Tue 10 Feb, 2009
Tags: Racial discrimination, Racial inequality, Reparations, Ron Peden, Slavery
I’m writing to highlight a book by Ron Peden, entitled Notes on the State of America: Black to the Future, or White from the Past? (Cambridge, Mass.: OAU Publishing, 2008).
Ron is a writer and activist here in the Boston area, and he has graciously taken the time to comment on this blog regarding his concerns over the DeWolf family and Traces of the Trade.
In Notes on the State of America, Ron writes powerfully and eloquently about the impact of our history of slavery and discrimination on racial inequality today.
For instance, Ron writes the following about how we have ignored the pivotal role of slavery in our nation’s development:
Namely, like it or not, slavery was a crucial part of this country’s economic growth and development, without which America could not claim any semblance of the preeminent position it occupies in today’s world order. Yet, not without good reason, we look upon slavery with curiosity, shame, disgust and regret. … It’s time to stop pretending slavery didn’t happen, or was simply an isolated episode of misfortune in American history, and instead acknowledge its cornerstone contribution to the America we know today.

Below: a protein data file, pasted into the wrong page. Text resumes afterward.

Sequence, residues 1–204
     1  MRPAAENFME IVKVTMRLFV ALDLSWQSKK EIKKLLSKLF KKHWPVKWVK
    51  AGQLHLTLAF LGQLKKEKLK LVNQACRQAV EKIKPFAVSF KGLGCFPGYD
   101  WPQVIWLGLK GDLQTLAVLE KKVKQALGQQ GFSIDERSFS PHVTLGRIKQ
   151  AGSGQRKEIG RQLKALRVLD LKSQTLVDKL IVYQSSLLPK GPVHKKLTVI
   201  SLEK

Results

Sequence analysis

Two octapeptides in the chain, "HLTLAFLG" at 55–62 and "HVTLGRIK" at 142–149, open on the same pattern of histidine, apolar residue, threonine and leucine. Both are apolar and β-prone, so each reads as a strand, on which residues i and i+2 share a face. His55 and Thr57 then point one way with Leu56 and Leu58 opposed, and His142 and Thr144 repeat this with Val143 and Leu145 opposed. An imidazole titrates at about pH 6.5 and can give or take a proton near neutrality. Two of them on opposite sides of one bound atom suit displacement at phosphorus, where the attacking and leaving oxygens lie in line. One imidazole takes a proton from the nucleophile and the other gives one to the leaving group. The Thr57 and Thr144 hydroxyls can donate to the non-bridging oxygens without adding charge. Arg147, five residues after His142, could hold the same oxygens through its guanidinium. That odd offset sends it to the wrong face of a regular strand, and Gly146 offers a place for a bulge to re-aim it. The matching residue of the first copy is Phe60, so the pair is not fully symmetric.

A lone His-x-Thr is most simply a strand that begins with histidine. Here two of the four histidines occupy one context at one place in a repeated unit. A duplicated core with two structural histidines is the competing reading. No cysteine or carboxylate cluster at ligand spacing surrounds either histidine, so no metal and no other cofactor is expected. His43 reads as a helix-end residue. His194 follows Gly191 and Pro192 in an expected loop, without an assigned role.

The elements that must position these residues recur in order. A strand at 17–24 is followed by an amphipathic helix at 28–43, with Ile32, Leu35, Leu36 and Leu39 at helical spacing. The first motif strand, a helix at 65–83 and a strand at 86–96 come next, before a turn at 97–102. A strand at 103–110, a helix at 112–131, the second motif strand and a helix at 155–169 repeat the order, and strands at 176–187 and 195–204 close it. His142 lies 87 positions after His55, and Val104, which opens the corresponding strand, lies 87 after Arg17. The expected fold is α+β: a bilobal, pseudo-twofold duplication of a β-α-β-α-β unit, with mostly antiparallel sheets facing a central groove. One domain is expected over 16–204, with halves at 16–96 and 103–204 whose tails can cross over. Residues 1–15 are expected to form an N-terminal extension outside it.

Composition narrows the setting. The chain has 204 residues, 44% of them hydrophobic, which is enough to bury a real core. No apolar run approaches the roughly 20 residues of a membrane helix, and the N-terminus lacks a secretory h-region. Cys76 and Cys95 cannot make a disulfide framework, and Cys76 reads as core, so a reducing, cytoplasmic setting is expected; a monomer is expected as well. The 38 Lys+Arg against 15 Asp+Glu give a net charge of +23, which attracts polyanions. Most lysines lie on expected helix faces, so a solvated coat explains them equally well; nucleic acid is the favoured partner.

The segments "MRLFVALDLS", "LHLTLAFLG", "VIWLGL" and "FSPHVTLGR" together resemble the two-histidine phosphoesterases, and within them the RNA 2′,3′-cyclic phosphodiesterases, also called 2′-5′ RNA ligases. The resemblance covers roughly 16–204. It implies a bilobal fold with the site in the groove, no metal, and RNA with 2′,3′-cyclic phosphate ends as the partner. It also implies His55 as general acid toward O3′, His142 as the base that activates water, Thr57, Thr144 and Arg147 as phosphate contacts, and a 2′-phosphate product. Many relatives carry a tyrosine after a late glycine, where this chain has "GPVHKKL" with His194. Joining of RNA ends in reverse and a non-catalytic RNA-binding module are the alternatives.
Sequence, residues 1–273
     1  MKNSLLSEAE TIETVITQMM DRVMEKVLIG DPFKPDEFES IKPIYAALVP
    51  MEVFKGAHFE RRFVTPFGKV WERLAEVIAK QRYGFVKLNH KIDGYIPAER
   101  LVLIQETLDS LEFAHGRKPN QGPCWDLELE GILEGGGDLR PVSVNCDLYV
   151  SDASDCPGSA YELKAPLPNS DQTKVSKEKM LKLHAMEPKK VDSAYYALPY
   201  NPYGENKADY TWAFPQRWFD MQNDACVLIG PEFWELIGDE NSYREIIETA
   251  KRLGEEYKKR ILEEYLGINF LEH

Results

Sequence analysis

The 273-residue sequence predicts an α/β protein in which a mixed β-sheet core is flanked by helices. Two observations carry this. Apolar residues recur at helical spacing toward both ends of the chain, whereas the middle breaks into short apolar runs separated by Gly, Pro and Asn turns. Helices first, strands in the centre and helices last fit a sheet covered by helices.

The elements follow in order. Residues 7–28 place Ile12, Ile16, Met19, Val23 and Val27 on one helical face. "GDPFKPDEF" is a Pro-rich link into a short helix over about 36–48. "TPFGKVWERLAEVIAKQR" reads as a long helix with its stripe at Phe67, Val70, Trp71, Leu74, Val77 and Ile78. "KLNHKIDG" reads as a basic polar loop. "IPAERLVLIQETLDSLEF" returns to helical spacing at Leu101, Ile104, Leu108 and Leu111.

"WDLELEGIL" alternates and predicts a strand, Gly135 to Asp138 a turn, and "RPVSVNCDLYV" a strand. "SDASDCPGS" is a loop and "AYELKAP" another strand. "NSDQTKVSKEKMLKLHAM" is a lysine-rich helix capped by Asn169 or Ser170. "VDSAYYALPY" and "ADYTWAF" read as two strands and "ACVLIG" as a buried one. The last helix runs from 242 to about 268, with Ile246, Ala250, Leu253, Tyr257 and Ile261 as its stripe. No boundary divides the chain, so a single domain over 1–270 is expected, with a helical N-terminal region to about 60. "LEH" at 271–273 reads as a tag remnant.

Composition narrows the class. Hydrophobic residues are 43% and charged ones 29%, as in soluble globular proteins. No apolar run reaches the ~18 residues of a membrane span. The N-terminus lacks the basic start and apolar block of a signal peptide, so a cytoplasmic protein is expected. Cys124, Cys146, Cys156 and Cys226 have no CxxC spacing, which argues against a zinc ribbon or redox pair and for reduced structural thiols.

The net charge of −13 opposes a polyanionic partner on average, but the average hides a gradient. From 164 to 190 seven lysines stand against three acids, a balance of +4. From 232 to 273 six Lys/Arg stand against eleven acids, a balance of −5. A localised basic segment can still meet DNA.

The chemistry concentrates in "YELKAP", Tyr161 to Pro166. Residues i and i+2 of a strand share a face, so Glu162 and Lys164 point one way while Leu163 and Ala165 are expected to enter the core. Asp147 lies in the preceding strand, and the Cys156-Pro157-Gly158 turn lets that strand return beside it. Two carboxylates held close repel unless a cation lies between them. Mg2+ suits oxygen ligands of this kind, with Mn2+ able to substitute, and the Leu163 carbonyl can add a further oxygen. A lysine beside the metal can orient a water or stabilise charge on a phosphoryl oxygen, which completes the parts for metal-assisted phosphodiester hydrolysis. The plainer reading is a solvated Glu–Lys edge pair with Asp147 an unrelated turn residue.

Ron is also a strong advocate for the view that Obama’s election must not become an excuse to avoid addressing racial justice, which is an issue that I agree with and have written about recently.
I don’t agree with all of Ron’s recommendations for addressing our nation’s persistent racial inequality. In particular, he argues forcefully that reparations for slavery are necessary, and he suggests that even more radical solutions may be appropriate. I do believe, though, that his book represents an important part of our national conversation about race, and it’s easy to see why Cornel West observed about the book (as he is quoted on OAU’s web site), “Don’t miss it!”
The introduction to Notes on the State of America is currently available to read online here.